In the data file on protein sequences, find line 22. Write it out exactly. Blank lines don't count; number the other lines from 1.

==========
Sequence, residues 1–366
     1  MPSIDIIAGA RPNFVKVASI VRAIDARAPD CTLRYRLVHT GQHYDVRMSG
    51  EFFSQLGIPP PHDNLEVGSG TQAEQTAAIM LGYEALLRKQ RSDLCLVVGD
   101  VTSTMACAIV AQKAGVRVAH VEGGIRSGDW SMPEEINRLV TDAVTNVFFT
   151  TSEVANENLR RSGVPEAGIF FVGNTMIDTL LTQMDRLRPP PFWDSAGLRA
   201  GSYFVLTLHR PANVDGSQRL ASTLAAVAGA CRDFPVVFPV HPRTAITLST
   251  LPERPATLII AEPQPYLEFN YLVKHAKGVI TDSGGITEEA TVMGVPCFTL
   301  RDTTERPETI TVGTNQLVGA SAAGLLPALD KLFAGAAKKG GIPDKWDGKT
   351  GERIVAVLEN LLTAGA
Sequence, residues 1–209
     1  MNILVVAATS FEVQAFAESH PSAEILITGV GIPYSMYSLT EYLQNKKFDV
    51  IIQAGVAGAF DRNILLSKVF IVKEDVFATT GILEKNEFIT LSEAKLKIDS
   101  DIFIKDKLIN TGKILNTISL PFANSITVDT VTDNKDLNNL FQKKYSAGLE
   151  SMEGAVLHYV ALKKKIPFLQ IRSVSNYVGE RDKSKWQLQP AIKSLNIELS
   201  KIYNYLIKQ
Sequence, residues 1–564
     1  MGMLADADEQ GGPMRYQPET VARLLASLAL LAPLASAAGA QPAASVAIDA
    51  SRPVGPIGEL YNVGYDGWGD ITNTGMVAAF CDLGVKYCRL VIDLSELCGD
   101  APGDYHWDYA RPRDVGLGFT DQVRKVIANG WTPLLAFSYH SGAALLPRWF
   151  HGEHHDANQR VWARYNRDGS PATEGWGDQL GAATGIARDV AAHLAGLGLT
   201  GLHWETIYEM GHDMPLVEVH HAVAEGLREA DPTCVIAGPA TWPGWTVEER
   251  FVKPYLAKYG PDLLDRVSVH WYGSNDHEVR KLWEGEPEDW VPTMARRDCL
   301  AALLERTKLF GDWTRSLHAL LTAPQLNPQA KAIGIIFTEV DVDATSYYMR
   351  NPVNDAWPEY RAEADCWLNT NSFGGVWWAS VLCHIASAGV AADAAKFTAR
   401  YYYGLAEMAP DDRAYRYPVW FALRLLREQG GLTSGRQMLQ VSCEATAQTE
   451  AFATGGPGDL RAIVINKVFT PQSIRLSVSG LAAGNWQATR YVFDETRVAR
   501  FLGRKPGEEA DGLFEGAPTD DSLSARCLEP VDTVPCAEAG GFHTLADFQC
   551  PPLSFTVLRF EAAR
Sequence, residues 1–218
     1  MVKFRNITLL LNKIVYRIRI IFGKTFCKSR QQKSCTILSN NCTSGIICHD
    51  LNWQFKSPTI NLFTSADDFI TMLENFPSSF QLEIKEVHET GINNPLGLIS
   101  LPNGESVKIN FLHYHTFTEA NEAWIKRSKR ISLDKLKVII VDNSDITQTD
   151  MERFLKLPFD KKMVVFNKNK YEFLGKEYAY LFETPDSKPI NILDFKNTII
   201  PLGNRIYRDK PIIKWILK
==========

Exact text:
   251  FVKPYLAKYG PDLLDRVSVH WYGSNDHEVR KLWEGEPEDW VPTMARRDCL